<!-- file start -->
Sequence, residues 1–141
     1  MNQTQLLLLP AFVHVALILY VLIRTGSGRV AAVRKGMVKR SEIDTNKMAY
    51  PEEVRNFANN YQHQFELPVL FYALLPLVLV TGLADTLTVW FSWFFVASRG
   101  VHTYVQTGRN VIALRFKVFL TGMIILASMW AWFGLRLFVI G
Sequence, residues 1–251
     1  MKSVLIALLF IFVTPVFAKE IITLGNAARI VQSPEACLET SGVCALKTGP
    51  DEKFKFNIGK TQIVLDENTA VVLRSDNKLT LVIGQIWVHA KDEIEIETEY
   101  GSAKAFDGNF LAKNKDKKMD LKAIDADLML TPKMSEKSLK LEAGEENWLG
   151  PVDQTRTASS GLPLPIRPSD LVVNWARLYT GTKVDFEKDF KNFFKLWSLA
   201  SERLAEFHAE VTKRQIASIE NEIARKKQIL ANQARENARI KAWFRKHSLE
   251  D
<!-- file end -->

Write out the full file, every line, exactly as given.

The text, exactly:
Sequence, residues 1–141
     1  MNQTQLLLLP AFVHVALILY VLIRTGSGRV AAVRKGMVKR SEIDTNKMAY
    51  PEEVRNFANN YQHQFELPVL FYALLPLVLV TGLADTLTVW FSWFFVASRG
   101  VHTYVQTGRN VIALRFKVFL TGMIILASMW AWFGLRLFVI G
Sequence, residues 1–251
     1  MKSVLIALLF IFVTPVFAKE IITLGNAARI VQSPEACLET SGVCALKTGP
    51  DEKFKFNIGK TQIVLDENTA VVLRSDNKLT LVIGQIWVHA KDEIEIETEY
   101  GSAKAFDGNF LAKNKDKKMD LKAIDADLML TPKMSEKSLK LEAGEENWLG
   151  PVDQTRTASS GLPLPIRPSD LVVNWARLYT GTKVDFEKDF KNFFKLWSLA
   201  SERLAEFHAE VTKRQIASIE NEIARKKQIL ANQARENARI KAWFRKHSLE
   251  D